David Jenkins (athlete)

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David Jenkins
David Andrew Jenkins and XAPP.jpg
Jenkins in 2011 promoting a fitness product
Medal record
Men's athletics
Representing  Great Britain
Olympic Games
Silver 1972 Munich 4×400 m relay
European Championships
Gold 1971 Helsinki 400 m
Gold 1974 Rome 4×400 m relay
Silver 1974 Rome 400 m
European Cup
Gold 1975 Nice 400 m
Gold 1975 Nice 4×400 m relay
Silver 1973 Edinburgh 400 m
Bronze 1973 Edinburgh 4×400 m relay
Universiade
Bronze 1973 Moscow 400 m
Silver 1973 Moscow 4×400 m relay
Representing  Scotland
Commonwealth Games
Gold 1978 Edmonton 4×100 m relay

David Andrew Jenkins (born 25 May 1952) is a Scottish former track and field sprinter who competed mainly in the 400 metres. His personal best for the distance is 44.93 seconds, set in 1975, which was a British record for over twelve years.[1] He represented Great Britain at three Summer Olympics (1972, 1976 and 1980) and placed seventh in the 400 m at the two latter editions.[2]

Jenkins was the gold medallist at the 1971 European Athletics Championships while still a teenager. He took silver with the 4 × 400 metres relay team at the 1972 Summer Olympics the following year. The 1974 European Athletics Championships saw him finish as runner-up in the individual event, but he was European champion in the relay with Great Britain. He also won a relay gold medal for Scotland at the 1978 Commonwealth Games, sharing in the 4×100 metres relay medals.

He was later convicted for distribution of anabolic steroids. Following his release from jail he grew a legal fitness products enterprise in the form of NEXT Proteins. He also registered several patents around his invention of carbonated protein drinks. His brother Roger Jenkins is also former athlete and was a prominent investment executive at Barclays Bank.

Early life and education[edit]

Born in Pointe-à-Pierre, Trinidad and Tobago, British West Indies, Jenkins was the son of an oil refinery manager.

Jenkins was educated at Edinburgh Academy, where he excelled at sport. David Jenkins attended the University of Edinburgh (1970–1973) where he earned a Bachelor of Science Degree in Engineering Science Chemical Engineering as a British Petroleum Industrial Apprentice.[3] Thereafter, he attended Heriot-Watt University in Edinburgh, where he earned his postgraduate diploma in Business Management and Marketing (1974).[4]

In 1976, Jenkins was awarded a Traveling Fellowship from the Winston Churchill Memorial Trust. His project's title was "Community Sport Participation and Provision" and the award enabled him to visit the United States and West Germany.[4]

Jenkins is US Representative for The Edinburgh Academy's Academical Club.[5]

Athletics career[edit]

Jenkins' first coach was Jake Young, then Head of Physical Education at The Edinburgh Academy. In his youth, Jenkins was the European record holder at 400-metres for under 17 and under 19 years old. In 1969, he represented Great Britain's senior open team in Hamburg, West Germany, winning the 400-metres at age 17 years four months.[6] Jenkins' international athletic career spanned three decades, 1969 through 1982 starting on cinder tracks, to synthetic tracks from hand timing to electronic timing.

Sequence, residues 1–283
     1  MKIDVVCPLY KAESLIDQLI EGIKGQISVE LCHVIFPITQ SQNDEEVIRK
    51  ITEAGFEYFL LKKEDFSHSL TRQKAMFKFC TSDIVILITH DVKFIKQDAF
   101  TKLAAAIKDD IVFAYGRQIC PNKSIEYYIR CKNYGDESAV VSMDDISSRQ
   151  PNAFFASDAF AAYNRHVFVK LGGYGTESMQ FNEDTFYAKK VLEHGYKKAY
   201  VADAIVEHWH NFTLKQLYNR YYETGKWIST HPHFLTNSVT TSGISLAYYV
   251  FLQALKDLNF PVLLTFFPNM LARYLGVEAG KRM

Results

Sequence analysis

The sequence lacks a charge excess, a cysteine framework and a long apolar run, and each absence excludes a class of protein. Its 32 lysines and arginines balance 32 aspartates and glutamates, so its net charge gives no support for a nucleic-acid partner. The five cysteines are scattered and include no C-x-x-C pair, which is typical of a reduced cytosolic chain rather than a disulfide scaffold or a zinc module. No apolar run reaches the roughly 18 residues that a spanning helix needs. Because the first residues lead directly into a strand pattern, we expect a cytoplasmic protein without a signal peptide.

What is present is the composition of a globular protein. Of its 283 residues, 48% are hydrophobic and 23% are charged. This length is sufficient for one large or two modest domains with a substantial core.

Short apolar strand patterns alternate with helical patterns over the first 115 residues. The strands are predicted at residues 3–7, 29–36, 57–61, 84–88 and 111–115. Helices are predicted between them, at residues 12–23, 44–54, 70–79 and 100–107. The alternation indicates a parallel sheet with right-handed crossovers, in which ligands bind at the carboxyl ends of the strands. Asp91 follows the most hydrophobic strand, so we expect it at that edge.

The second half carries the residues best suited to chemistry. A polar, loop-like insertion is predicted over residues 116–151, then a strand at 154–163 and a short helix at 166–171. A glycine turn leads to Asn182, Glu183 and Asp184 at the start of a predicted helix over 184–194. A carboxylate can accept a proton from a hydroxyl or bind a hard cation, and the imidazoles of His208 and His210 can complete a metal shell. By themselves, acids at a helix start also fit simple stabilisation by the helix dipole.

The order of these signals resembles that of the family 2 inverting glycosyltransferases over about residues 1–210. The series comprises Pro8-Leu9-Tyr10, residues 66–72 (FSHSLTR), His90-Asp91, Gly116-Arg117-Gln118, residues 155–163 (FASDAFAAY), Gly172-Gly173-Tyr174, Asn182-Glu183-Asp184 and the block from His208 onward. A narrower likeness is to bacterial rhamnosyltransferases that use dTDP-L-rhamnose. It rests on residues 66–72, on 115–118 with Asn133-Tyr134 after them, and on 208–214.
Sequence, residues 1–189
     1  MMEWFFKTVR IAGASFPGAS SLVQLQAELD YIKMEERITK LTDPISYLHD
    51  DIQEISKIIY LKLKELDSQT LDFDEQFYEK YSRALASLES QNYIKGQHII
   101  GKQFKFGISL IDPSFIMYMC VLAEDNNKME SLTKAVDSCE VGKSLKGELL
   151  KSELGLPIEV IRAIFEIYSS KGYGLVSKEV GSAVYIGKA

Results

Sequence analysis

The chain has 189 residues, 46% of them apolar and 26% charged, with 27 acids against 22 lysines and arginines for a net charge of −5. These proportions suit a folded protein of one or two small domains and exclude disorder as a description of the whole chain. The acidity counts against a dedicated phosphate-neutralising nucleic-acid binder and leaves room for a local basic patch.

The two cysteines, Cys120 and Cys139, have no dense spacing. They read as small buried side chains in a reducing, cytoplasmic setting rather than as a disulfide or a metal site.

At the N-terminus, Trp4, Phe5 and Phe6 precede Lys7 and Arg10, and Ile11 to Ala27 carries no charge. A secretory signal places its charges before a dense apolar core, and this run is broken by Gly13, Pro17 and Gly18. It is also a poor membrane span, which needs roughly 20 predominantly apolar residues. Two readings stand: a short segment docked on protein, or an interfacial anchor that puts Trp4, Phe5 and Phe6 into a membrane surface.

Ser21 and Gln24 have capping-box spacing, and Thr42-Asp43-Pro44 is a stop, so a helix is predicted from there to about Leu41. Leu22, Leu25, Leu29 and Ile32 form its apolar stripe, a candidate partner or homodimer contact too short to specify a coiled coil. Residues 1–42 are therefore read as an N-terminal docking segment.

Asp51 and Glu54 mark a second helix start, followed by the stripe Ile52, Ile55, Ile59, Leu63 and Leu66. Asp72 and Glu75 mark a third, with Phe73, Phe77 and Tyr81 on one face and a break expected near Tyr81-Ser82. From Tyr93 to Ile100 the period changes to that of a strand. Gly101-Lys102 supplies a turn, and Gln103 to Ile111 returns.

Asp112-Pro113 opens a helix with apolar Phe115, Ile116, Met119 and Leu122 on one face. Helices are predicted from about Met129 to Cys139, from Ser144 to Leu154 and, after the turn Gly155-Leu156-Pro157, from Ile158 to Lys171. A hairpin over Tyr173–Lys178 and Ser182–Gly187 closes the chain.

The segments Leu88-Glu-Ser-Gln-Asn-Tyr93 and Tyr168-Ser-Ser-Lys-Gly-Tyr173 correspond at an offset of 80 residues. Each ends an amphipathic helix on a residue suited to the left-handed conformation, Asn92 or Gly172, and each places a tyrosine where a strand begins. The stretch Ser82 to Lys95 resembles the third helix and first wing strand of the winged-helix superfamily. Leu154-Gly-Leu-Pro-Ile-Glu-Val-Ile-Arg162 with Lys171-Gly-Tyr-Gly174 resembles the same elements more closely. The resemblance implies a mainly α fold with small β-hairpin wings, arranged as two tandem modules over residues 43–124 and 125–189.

From 1970–1973 and again in 1980 Jenkins was coached by the then Scottish National Coach, John Anderson. He started off as Scottish 100/200/400 champion, followed by his first of 6 AAA's 400 metre titles. Also in 1971, still aged only nineteen, Jenkins won the 400 metres at the 1971 European Athletics Championships in Helsinki.

He went on to compete for Great Britain in the 1972 Summer Olympics held in Munich, Germany in the 4 x 400-metre relay where he won the silver medal with his team mates Martin Reynolds, Alan Pascoe and David Hemery. From 1973 to 1977 Hemery, a contemporary and 1968 Olympic hurdles champion, coached Jenkins.[7]

In 1974 he won the silver medal on the 400 metres at the European Athletics Championships in Rome as well as the gold medal in the 4x 400-metre with his team mates Glen Cohen, William Hartley and Alan Pascoe. The race announcer remarked that Jenkins had the "greatest run of his life", when he won the 4×400 m relay.[8]

In 1975 he was United States of America 400-metre champion, with his fastest time of his career 44.93 which was a British records in athletics|British record]] at the time. In 1975, Jenkins and his brother, Roger Jenkins, represented Great Britain and Northern Ireland v. Finland at Crystal Palace, London as the UK's No. 1 and No. 2 400-metre runners.[9]

Scottish documentary company, Pelicula Films, featured David Jenkins during his training in 1975 as he prepared for the 1976 Olympic Games (Montreal, Quebec, CA). The film, The Long Sprint: Diary of an Olympic Athlete, follows Jenkins from his training, races and the Olympic Games heats. Jenkins qualified for the Olympic 400-metre finals but did not medal. The documentary film was directed by Michael Alexander and won the Gold Grand Prix Award in the British International Sport Film and Television Festival in 1977.[10] The film is available in the Scottish Screen Archive, the national film library.[11]